The historic Bullring has also been converted into a mall, housing shops, restaurants, a cinema, a gym, and a concert venue. There is a lift on the outside of the bullring, on the Placa d’Espanya, and there is a fee of 1 Euro to go up this. I thought this was a bit naughty as you can get to the observation deck for free by going up the escalators inside the bullring! The observation desk on the bullring has great views of the Placa d’Espanya and the National Palace.
Barcelona is famous for the architect Gaudi. His work is beautiful and versatile, ranging from the huge gothic cathedral the Sagrada Familia, which is unfinished. Work is still ongoing! (and has been since 1882!).
It is worth noting that if you want to go up to the top of the towers you will be given a time slot 2 hours after the purchase of your ticket. You are free to go away and come back, or look around the ground floor of the cathedral. But it is not possible to go up the tower straight away. However these signs are only at the actual gate, not at the end of the massive queue. So we queued for 30 minutes, only to find this out when we got to the front of the queue! We decided we couldn’t wait there for 2 hours as we had already bought bus tickets to get around to Park Guell and other places. It is therefore worth factoring this into your plans.
Gaudi has also designed some unusual houses – the Casa Batlló and the La Pedrera, as well as Park Guell. Park Guell houses the longest bench in the world, made of colourful mosaic, and it is beautiful but also functional, and it has views over Barcelona to the sea.
There is a tourist bus which will take you around all the sights – we took this as it was convenient and relaxing to cruise around on an open-topped bus with the wind in your hair 🙂 But it is expensive – 24 Euros for a one-day ticket and 31 Euros (around £25) for a two-day ticket. For that you have access to all the tour bus routes, unlimited travel, and hop-on-hop-off. We did this and found it very useful.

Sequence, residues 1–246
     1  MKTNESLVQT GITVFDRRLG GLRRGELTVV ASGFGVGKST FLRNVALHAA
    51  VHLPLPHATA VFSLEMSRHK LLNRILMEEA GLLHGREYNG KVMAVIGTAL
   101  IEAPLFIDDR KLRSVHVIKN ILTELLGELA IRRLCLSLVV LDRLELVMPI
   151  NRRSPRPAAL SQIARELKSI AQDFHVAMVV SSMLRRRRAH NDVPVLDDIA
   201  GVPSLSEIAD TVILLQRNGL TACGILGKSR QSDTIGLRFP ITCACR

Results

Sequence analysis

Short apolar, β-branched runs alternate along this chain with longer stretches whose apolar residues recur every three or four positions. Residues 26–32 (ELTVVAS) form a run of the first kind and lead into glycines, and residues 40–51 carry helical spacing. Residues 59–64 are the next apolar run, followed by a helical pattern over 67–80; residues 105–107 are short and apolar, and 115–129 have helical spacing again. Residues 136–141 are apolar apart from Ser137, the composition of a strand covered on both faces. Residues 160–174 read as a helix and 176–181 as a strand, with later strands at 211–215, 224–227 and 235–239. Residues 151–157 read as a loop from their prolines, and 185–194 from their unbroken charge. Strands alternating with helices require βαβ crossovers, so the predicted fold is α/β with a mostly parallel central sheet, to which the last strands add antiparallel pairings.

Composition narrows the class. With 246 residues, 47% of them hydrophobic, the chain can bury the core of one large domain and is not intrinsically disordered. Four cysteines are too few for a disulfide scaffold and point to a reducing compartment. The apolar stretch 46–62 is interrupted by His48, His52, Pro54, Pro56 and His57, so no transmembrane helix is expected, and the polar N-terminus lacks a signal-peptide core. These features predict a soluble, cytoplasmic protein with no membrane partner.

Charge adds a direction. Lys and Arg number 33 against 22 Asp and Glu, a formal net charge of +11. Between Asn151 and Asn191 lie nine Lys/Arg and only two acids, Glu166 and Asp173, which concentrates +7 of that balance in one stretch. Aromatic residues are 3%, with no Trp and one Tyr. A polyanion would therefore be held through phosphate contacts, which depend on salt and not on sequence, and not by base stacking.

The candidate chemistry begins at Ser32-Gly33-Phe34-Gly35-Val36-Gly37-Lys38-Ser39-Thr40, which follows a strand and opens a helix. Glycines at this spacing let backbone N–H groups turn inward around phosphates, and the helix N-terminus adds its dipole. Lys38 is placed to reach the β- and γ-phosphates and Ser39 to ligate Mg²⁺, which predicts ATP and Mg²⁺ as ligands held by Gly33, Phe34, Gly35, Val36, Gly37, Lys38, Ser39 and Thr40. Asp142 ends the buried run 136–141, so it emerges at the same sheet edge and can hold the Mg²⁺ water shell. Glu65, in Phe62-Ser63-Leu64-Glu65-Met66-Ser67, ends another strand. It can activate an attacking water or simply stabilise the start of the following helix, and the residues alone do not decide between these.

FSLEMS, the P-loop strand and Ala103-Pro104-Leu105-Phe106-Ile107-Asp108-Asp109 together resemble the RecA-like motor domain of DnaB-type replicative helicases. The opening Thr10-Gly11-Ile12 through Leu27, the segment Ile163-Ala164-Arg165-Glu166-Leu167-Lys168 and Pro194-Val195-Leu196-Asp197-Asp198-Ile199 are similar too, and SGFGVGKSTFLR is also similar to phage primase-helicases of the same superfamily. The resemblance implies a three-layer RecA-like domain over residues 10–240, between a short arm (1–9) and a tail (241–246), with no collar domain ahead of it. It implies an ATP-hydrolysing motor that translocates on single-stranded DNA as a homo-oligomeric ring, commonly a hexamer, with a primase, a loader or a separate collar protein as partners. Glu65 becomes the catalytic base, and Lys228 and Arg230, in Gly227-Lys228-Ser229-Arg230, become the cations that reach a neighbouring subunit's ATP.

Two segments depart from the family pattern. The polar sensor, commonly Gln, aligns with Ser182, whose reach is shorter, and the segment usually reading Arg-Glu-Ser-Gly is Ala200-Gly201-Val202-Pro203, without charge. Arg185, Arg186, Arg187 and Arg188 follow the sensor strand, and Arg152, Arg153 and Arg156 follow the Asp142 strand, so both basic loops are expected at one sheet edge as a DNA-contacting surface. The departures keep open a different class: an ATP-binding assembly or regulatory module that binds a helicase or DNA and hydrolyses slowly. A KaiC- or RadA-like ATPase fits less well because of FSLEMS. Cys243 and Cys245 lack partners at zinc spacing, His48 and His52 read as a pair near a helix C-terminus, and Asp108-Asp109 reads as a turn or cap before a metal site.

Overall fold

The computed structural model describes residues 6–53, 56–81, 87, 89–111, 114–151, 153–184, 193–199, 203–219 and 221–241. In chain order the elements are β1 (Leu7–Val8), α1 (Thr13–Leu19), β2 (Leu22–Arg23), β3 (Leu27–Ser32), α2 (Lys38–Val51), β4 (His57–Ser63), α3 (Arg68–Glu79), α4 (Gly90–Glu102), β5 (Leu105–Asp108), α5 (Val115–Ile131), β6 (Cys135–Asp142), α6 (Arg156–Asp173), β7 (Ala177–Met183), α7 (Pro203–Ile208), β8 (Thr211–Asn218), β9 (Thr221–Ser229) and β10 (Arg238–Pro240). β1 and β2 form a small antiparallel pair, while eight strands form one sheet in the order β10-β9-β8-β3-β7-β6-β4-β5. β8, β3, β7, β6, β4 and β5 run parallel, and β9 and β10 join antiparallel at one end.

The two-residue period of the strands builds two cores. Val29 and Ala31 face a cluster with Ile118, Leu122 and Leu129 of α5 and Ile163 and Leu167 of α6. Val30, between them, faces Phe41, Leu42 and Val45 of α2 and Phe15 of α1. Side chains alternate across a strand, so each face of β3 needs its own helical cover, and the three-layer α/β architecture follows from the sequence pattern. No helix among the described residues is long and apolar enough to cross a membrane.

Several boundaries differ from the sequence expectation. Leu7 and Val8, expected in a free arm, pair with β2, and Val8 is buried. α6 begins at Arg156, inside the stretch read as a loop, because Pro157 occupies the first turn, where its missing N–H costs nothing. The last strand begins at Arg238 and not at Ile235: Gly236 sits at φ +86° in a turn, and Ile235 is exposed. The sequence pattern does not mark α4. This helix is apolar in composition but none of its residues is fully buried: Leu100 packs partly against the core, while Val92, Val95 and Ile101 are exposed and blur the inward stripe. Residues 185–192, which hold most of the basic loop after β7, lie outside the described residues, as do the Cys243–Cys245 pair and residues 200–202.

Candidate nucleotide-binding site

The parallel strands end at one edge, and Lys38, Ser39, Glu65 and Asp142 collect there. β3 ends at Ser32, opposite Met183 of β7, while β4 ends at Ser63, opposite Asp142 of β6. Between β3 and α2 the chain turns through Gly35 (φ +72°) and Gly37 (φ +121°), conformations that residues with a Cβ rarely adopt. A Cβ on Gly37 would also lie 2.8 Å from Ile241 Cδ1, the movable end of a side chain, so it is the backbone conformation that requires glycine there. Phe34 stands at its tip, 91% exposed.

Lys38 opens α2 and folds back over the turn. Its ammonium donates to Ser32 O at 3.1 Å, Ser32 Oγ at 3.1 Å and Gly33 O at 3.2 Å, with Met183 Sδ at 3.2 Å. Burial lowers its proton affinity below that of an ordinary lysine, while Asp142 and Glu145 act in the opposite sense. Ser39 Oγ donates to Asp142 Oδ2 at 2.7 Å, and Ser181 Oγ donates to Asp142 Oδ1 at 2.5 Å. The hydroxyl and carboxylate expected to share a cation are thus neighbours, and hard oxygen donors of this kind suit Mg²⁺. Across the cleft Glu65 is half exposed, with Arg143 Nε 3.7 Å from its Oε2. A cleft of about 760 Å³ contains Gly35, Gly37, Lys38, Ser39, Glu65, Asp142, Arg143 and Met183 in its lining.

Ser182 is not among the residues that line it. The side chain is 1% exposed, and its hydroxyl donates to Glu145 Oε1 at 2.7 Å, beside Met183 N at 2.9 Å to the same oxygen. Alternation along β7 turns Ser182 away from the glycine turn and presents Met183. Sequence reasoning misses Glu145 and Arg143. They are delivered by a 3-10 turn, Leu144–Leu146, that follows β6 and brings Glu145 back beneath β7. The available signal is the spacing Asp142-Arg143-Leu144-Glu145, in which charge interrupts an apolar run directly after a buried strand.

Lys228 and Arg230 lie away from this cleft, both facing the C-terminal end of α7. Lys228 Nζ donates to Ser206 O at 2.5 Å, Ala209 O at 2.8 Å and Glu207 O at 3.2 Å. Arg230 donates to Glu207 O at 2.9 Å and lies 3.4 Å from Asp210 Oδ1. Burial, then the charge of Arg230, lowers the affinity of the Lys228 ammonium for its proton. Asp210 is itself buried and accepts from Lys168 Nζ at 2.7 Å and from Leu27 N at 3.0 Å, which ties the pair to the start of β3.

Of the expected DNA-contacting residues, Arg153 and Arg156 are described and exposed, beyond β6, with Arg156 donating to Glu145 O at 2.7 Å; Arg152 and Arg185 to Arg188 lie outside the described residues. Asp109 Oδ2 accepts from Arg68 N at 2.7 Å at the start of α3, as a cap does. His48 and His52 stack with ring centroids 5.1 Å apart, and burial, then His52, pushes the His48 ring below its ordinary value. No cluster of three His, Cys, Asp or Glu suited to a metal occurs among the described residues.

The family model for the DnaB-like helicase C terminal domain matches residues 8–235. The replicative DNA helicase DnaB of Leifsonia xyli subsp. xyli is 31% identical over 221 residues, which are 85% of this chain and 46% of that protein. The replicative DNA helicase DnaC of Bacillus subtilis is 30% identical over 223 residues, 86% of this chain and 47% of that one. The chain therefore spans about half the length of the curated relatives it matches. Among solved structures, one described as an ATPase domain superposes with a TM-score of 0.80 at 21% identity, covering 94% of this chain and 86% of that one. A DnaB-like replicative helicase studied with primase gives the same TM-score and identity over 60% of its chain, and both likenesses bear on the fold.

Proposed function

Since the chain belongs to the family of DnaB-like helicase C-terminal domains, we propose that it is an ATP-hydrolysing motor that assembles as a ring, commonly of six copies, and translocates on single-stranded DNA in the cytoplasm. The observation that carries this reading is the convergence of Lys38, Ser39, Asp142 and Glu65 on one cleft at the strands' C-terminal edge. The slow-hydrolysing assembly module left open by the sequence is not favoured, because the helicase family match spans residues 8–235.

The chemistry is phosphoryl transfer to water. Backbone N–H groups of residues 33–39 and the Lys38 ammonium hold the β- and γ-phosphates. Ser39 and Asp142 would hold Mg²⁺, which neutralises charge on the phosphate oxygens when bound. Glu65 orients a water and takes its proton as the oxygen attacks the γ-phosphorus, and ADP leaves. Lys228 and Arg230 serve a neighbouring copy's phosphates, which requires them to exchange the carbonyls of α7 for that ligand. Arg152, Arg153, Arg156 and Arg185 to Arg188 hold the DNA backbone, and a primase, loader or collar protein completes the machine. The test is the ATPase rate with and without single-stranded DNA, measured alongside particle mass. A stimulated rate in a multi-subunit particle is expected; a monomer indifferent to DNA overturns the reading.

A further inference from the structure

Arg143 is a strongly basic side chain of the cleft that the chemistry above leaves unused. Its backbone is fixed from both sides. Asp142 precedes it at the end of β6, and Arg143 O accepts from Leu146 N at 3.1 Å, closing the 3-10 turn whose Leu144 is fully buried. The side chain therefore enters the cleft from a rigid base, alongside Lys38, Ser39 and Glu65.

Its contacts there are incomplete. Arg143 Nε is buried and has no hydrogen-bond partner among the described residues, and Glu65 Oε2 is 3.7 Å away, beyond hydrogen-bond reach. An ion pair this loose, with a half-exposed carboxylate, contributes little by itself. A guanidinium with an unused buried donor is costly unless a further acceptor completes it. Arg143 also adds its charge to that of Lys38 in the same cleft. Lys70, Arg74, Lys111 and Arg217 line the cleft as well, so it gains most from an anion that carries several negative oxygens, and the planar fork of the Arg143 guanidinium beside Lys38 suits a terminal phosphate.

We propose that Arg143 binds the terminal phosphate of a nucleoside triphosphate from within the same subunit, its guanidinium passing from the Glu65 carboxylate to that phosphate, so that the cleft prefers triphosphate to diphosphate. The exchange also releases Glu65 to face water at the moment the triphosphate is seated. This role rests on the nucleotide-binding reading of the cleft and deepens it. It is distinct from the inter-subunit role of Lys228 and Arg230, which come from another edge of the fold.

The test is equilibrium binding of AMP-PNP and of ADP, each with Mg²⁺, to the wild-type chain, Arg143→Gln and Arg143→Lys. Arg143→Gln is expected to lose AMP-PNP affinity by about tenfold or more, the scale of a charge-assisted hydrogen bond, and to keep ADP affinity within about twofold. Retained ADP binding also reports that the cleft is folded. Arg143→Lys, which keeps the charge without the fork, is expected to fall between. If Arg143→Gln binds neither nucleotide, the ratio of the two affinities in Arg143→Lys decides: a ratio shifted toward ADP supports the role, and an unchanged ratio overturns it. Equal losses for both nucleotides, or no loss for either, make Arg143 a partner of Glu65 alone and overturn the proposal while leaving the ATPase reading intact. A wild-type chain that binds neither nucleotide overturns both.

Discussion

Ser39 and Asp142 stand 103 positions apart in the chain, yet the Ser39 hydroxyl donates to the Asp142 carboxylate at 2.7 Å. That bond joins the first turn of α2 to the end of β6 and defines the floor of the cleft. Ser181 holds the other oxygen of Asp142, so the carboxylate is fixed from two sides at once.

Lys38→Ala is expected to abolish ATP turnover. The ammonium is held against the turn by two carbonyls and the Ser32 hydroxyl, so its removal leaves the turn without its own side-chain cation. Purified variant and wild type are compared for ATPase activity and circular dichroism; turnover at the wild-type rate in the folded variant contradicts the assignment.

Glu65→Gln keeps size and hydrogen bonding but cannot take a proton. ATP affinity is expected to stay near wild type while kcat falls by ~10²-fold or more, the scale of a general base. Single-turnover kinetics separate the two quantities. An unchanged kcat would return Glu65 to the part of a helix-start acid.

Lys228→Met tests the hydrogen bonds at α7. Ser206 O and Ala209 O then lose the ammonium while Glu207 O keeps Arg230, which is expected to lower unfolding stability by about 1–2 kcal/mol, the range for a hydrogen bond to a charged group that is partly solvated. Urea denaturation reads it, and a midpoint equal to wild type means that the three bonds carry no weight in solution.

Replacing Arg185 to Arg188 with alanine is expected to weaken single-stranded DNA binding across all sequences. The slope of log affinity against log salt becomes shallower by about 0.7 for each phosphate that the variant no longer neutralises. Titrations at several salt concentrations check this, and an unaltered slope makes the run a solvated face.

We also used the cheaper option – the Metro. This was mostly well signed and easy to use, and the “T-10” card allows you 10 journeys for around 9.50 Euros (normally one journey is 2 Euros, so it is much better value). The T-10 ticket can also be used for more than one person – it is totally legitimate to use the card and then pass it back to other people in your party to use as well. It is just for 10 journeys, regardless of who travels – you don’t need a card each. There were a couple of instances where the Metro was not so well signed – for example getting to the airport, and getting to Monserrat – which I will explain more about in the next blog.
Overall I would highly recommend Barcelona as a lovely city to visit. Just be aware before you go and take sensible precautions so you don’t get mugged. But don’t allow the fear of being mugged ruin your holiday!
Next Blog: Monserrat, Spain.
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We lived in Spain for 12 years and on one visit to Barcelona, my wallet was pickpocketed by a little lady who stopped to pinch my baby’s cheek!! But in spite of that we love Barcelona– was there last summer with my daughter and enjoyed the amazing architecture even beyond Gaudi, loved his cathedral, the park, the colorful music palace, the bountiful market, and the food, wonderful food!
Sorry to hear that, it sounds awful! But it’s good that you didn’t let it ruin the place for you – I agree it is a lovely lovely city! 🙂
I loved Barcelona! Never had many issues with robbery, but I can definitely see it happening. Check out my post on Barcelona: http://moderatextremetravel.com/2013/02/22/sagrada-familia-a-church-that-gets-atheists-excited/ Thanks for the good post!
I’m glad you enjoyed Barcelona! I will check out your blog also… Thanks for stopping by! 🙂